Educators need measurement tools to determine phonological awareness in young children. This study investigated the appropriateness of rhyme cloze tasks, referred to as Finish-a-Rhyme-Story items, which were designed to measure preschool and kindergarten children's early rhyme development. The rhyme cloze tasks required children to verbally complete a sentence by filling in a final rhyming word that matched a rhyme pattern highlighted in a short story that was read aloud to them. The task required rhyme awareness as well as comprehension of the language in the story. Twenty-four items were individually administered to preschool (n = 207) and kindergarten (n = 382) children to determine item performance and discriminative power. Rasch analysis indicated that the difficulty level of the items was well matched for the sample indicating that the items were developmentally appropriate for preschool and kindergarten children. Several analyses of variance (ANOVA) compared the performance of preschool and kindergarten children as well as the performance of monolingual English speaking (ENG) children and English Language Learners (ELL) to determine if there were group differences on the rhyme cloze measure. Results also indicated that the items have the ability to discriminate between children with high and low level rhyming ability based on the Rasch model; kindergarten children were more aware of the rhyme component than preschool children and ENG children were more aware than ELL children.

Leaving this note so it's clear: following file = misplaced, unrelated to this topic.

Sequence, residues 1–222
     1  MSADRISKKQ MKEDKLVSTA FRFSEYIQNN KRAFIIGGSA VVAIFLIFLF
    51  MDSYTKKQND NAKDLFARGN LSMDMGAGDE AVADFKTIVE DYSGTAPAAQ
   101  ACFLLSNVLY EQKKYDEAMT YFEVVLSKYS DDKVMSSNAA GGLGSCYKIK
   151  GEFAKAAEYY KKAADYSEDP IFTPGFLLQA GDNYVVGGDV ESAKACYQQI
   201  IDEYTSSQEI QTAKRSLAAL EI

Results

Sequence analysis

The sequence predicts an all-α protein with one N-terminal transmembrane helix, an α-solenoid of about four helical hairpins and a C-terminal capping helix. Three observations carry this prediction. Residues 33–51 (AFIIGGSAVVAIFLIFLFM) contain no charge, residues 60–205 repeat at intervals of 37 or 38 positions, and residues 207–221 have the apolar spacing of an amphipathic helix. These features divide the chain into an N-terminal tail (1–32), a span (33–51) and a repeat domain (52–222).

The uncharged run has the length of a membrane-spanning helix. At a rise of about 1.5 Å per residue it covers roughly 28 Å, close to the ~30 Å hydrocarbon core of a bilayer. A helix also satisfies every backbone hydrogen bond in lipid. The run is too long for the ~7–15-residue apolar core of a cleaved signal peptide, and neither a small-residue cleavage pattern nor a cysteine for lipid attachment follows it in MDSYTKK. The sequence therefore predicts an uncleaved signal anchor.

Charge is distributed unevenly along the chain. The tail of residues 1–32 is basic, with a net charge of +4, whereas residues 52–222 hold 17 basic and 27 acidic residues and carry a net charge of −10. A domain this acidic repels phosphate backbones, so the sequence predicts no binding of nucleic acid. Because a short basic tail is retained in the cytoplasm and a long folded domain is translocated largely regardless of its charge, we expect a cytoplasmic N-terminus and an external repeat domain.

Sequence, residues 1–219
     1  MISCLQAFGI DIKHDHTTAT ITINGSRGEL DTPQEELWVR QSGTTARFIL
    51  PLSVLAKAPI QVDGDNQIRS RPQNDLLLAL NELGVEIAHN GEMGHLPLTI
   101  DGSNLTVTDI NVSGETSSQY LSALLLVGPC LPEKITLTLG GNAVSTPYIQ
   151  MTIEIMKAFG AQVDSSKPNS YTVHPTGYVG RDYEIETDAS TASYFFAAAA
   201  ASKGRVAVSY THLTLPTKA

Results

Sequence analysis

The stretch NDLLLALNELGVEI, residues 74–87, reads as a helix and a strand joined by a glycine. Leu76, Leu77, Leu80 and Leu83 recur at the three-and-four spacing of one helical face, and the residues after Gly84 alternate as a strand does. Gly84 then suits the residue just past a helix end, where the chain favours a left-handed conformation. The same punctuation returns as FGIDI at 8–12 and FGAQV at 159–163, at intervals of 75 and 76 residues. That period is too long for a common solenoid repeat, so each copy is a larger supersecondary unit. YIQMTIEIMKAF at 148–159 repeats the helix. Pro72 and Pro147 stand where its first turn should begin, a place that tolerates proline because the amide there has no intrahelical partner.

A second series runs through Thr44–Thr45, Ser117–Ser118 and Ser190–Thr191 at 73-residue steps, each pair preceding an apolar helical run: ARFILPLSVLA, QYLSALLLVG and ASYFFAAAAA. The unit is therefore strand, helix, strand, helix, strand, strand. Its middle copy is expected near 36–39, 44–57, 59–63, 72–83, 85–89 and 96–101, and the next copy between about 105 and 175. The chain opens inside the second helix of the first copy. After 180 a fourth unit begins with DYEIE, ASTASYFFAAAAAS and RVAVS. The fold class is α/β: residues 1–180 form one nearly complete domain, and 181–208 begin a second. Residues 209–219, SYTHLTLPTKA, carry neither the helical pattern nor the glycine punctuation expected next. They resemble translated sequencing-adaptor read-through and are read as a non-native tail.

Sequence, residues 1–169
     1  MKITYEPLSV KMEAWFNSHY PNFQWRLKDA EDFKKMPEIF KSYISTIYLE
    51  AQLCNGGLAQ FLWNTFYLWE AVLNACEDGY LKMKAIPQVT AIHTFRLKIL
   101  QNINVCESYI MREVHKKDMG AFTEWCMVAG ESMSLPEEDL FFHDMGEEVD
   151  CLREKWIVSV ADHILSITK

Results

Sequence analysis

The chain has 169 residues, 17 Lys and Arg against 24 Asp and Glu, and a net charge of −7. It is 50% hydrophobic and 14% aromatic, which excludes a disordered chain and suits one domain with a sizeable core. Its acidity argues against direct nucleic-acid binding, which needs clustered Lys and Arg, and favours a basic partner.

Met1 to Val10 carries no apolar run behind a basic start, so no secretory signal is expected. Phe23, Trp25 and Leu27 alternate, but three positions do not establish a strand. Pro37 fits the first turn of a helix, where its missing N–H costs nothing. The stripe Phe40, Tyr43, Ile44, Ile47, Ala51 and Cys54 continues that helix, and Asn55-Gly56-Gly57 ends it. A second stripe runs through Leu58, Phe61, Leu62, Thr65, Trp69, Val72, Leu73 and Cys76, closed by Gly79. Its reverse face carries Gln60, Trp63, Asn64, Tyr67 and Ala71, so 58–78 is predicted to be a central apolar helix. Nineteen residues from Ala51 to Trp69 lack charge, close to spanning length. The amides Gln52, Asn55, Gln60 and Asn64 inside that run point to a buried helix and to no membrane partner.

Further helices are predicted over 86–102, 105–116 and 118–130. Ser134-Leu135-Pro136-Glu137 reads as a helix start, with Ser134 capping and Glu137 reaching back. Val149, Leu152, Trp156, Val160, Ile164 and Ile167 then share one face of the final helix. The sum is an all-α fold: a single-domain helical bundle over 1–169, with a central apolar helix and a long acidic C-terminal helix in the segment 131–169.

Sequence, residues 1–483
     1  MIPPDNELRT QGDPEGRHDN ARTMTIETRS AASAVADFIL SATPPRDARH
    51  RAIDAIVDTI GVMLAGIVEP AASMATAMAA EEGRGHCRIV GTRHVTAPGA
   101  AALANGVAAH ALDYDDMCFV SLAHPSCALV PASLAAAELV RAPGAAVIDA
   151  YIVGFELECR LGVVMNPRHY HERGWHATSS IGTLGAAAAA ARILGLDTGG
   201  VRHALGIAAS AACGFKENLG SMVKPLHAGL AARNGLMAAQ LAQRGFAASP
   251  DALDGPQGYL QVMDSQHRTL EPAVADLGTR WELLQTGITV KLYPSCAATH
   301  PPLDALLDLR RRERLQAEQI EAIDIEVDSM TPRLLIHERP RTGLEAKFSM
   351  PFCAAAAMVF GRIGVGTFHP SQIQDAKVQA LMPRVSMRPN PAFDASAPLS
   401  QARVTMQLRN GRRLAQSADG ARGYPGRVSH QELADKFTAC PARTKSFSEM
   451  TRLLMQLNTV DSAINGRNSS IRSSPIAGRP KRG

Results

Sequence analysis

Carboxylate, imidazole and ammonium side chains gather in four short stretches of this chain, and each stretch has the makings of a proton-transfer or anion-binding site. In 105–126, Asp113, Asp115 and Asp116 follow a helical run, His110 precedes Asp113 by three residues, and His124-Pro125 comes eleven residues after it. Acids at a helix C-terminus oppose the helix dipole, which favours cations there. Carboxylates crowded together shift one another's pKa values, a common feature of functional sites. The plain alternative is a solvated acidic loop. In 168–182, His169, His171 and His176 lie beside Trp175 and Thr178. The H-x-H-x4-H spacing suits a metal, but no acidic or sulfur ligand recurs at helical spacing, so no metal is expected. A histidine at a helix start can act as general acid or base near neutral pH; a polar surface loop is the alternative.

College and Department

David O. McKay School of Education; Communication Disorders



Date Submitted


Document Type





rhyme, cloze, phonological awareness, preschool, assessment